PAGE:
For Jill Perlstein of Flanders, getting a booster shot for pertussis – commonly called whooping cough – was a no-brainer.
Perlstein and her husband got booster shots of the vaccine when their son Julien, now five weeks old, was born prematurely. Babies typically receive the pertussis beginning at the age of two months; doctors have said when infants contract the disease, it usually comes from parents or caregivers before they are fully immunized.
"We would feel so guilty if we brought something home to our child, especially if it could be prevented," she said. "It's the smart, safe thing to do."
Perlstein joined New York State Assemb. Steve Englebright, D-Setauket, and State Sen. Kemp Hannon, R-Garden City, at on Tuesday as they announced new legislation that requires hospitals to offer pertussis booster shots to new parents and caregivers to protect their babies' health.
The law stopped short of requiring parents to get the vaccine because lawmakers thought it would be going too far. "We need to gently nudge people along" in getting boosters, Hannon said.
According to Stony Brook University President Dr. Samuel L. Stanley Jr., who is a specialist in infectious diseases, pertussis was a leading cause of death among infants and children until regular vaccination reduced it to about 1,000 U.S. cases a year by the mid- to late-1970s. However, he said, pertussis is on a comeback, with approximately 27,500 cases reported in the U.S. in 2011.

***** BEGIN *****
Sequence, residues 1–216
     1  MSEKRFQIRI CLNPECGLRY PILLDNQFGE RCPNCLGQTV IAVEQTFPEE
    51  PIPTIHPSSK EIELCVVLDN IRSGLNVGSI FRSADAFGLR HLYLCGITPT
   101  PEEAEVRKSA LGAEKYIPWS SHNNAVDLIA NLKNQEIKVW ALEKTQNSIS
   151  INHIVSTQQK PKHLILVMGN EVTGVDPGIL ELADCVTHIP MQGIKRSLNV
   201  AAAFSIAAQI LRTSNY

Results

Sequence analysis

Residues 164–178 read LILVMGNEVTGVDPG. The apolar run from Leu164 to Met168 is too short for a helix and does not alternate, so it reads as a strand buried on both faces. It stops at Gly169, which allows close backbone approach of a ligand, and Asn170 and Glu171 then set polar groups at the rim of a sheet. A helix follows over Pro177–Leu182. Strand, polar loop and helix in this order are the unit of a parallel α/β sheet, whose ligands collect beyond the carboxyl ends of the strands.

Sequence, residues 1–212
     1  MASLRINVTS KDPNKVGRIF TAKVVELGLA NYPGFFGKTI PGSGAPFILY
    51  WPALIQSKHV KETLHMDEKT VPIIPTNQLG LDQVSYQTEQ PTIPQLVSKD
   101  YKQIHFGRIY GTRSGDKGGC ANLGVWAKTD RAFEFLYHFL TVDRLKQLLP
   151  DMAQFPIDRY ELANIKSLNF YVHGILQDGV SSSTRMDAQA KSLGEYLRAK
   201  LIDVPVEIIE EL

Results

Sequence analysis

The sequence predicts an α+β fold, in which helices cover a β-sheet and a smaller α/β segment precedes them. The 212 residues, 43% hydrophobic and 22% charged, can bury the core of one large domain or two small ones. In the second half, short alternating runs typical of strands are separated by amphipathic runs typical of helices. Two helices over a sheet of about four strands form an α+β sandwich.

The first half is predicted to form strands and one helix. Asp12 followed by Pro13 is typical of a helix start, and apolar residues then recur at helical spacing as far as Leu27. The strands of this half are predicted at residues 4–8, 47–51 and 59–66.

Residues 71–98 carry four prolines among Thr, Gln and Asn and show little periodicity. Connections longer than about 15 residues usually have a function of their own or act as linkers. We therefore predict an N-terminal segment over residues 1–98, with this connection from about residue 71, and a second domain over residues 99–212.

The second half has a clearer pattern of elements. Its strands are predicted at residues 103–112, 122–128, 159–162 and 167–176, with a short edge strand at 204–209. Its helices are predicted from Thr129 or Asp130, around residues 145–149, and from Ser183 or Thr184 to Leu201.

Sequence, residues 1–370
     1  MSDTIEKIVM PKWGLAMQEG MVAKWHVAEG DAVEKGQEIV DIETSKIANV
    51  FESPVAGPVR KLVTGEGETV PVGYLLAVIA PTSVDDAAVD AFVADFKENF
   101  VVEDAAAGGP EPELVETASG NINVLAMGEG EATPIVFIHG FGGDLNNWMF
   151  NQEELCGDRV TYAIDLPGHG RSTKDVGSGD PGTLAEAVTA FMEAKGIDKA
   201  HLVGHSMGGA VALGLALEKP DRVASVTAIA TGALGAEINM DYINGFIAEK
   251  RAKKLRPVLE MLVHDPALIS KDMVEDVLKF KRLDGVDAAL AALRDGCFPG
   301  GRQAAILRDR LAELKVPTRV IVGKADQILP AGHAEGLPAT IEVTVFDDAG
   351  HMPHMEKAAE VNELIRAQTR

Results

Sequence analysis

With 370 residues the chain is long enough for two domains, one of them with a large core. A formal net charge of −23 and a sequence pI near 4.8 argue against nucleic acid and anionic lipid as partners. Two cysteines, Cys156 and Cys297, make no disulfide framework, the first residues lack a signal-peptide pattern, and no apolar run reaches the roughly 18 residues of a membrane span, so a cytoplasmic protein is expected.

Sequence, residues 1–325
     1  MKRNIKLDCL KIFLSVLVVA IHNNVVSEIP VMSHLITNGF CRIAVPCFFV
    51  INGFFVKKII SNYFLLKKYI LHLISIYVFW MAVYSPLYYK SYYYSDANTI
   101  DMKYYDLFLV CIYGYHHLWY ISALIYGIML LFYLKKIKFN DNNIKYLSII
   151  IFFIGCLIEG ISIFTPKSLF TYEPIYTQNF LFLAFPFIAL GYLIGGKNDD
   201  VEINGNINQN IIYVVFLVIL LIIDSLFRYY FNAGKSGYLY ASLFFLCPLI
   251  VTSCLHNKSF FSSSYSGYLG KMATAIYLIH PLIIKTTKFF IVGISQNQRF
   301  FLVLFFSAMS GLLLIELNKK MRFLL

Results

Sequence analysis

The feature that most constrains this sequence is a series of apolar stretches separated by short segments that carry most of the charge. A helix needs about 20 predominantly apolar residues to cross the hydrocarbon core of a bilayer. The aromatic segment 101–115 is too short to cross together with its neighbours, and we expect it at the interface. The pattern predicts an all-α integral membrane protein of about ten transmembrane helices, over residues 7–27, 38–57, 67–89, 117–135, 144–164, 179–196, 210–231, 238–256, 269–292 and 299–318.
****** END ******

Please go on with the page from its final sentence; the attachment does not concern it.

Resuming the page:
A case of pertussis was reported in July at Gelinas Junior High in Setauket; another was reported in Commack.
"This is a preventable disease, based on vaccinations," Stanley said. "It's something we should not have to deal with."
Typically, the government recommends that babies get immunized in five doses: the first is received at the age of two months, with the final dose between ages four and six. Doctors recommend booster shots around the age of 11 or 12.
"Over time the immunization, and the protection that the immunization confers, can wane, which means that parents themselves can serve as vectors of disease and actually transmit whooping cough to their infants who are not yet fully immunized," said Dr. Shetal Shah, the neonatologist who worked with Hannon and Englebright on the bill.
He recently published a study in the journal Pediatrics that showed that parents were likely to receive the vaccine when offered it while new mothers were still hospitalized following delivery, leading to improved vaccination rates.
"What we attempted to do with this bill is to break that cycle of transmission," Shah said.
Doctors have said hospitals are not expected to incur significant new costs associated with the law, which takes effect in January.
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